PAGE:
Alternate energy only ray of hope for Pakistan

Unprecedented energy crisis has dealt a fatal blow to the economy of Pakistan, shattering both agriculture and industry sector, and in this bleak scenario the option of alternate energy is the only hope to save Pakistan from a complete crumble, said speakers of the third International Conference on Computer & Emerging Technologies (ICCET 2013) held at Shah Abdul Latif University (SALU).
In a panel of discussion on the Role of ICT and Consumer to Mitigate Energy Crisis in Pakistan, Dr Raziq Yaqub, Director Technical Training, NIKSUN, USA suggested using solar panels to run tube-wells. Small-scale electricity could also be generated from the water flow of tube-wells. Similarly, flow of water in kitchen tap and bathroom shower in houses could be used for this purpose. 
Dr Zubair A Shaikh said Pakistan is an agricultural country with vast opportunities to generate electricity from bio-waste. Such plants could be established at sugar mills, rice husking mills, livestock farms and food processing centers. Bio-waste in homes and villages could also be used to generate energy. Other speakers including Dr Mahmood Shah, Dr Thuy, Nisar Ahmed Siddiqui, Dr Syed Irfan Haider, Dr Nisar Ahmed Memon, Dr Abdul Rehman Abbasi, and Yasir Ahmed suggested manufacturing of domestic type, home-grown, mini wind turbines. The speakers highlighted the role of solar energy and said solar panels should be used for streetlights and other purposes. Solar technologies should be given priority, particularly for being used in Agriculture. Loans can be arranged by banks to purchase solar panels.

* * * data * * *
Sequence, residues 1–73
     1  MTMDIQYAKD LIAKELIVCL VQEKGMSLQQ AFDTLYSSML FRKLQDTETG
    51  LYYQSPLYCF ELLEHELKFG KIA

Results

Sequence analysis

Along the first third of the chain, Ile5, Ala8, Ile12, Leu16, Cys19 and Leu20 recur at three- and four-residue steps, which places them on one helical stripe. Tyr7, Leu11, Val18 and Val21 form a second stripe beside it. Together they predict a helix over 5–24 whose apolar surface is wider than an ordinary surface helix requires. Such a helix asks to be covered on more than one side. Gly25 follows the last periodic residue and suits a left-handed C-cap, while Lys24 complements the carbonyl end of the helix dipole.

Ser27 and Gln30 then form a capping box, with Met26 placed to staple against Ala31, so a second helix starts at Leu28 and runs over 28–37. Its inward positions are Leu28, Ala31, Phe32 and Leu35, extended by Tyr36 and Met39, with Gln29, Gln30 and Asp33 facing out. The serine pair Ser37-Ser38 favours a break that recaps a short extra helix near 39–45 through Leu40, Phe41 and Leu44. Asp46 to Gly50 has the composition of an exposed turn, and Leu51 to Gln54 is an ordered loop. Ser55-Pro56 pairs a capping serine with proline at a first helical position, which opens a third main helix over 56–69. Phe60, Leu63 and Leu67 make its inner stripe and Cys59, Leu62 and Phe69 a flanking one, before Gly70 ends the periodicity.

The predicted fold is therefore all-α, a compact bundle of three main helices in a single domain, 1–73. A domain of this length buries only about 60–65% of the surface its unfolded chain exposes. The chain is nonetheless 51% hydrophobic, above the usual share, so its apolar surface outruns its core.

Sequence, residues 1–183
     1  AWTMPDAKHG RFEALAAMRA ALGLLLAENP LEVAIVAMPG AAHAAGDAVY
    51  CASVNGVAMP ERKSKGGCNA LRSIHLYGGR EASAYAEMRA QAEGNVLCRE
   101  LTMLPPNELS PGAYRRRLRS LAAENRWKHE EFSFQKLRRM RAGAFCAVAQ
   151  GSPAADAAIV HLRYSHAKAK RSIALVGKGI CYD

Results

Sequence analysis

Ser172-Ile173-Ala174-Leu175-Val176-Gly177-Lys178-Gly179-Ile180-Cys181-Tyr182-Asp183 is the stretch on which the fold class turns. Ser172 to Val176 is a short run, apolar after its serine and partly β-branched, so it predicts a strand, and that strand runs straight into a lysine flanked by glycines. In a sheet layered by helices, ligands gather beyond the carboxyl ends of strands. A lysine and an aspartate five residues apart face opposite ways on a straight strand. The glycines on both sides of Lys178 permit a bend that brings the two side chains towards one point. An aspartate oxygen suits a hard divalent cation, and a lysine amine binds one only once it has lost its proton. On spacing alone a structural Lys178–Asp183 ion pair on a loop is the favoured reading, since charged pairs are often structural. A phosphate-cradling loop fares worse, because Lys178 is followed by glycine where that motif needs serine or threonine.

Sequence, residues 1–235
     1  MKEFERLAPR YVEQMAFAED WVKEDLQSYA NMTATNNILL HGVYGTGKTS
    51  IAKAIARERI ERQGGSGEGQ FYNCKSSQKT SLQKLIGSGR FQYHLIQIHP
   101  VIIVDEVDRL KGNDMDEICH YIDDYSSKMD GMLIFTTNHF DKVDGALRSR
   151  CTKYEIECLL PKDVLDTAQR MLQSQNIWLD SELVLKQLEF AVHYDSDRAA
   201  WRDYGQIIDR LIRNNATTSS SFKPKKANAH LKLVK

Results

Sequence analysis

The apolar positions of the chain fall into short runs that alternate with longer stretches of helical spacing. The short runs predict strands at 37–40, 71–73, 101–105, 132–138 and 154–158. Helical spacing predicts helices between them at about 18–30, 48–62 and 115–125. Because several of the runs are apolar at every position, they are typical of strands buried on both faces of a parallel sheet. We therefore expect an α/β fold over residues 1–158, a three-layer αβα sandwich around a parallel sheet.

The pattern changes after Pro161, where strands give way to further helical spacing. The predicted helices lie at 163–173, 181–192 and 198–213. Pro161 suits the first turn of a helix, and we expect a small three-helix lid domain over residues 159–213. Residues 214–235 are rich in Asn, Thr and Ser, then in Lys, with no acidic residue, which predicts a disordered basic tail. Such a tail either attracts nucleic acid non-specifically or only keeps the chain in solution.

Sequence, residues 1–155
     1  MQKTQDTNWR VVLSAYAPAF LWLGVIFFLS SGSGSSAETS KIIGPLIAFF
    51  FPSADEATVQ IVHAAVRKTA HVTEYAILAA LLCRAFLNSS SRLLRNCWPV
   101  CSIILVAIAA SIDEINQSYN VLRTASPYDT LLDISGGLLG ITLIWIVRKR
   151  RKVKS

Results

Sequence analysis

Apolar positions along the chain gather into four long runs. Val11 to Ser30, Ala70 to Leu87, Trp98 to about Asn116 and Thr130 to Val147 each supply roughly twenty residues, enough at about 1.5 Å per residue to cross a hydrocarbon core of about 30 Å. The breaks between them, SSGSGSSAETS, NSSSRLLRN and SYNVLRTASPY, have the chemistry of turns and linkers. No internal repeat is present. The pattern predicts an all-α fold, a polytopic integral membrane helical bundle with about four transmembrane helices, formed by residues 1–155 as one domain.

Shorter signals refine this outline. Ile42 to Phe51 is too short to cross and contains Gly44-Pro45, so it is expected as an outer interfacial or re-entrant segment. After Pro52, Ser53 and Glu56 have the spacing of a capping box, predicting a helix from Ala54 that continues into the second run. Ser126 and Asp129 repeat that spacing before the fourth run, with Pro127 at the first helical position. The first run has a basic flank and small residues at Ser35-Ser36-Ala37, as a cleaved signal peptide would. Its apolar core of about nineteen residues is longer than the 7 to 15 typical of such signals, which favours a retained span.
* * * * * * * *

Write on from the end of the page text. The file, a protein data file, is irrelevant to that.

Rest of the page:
They said energy efficient buildings should be constructed that may have skylight windows (to eliminate the need of bulbs). They said better adaptive insulating material saves energy as it changes properties with outside climate. They said this material if used in construction that absorbs and reflect heat as per weather requirement saves energy spent on heating and cooling the house. They said calculators should be developed to calculate energy requirements of new constructions like big plazas, buildings and complexes. They urged encouraging distributed/localized generation to avoid transmission losses. They said line losses are the biggest water of energy in Pakistan.

Muhammad Ramzan Rafique
Muhammad Ramzan Rafique

I am from a small town Chichawatni, Sahiwal, Punjab , Pakistan, studied from University of Agriculture Faisalabad, on my mission to explore world I am in Denmark these days..

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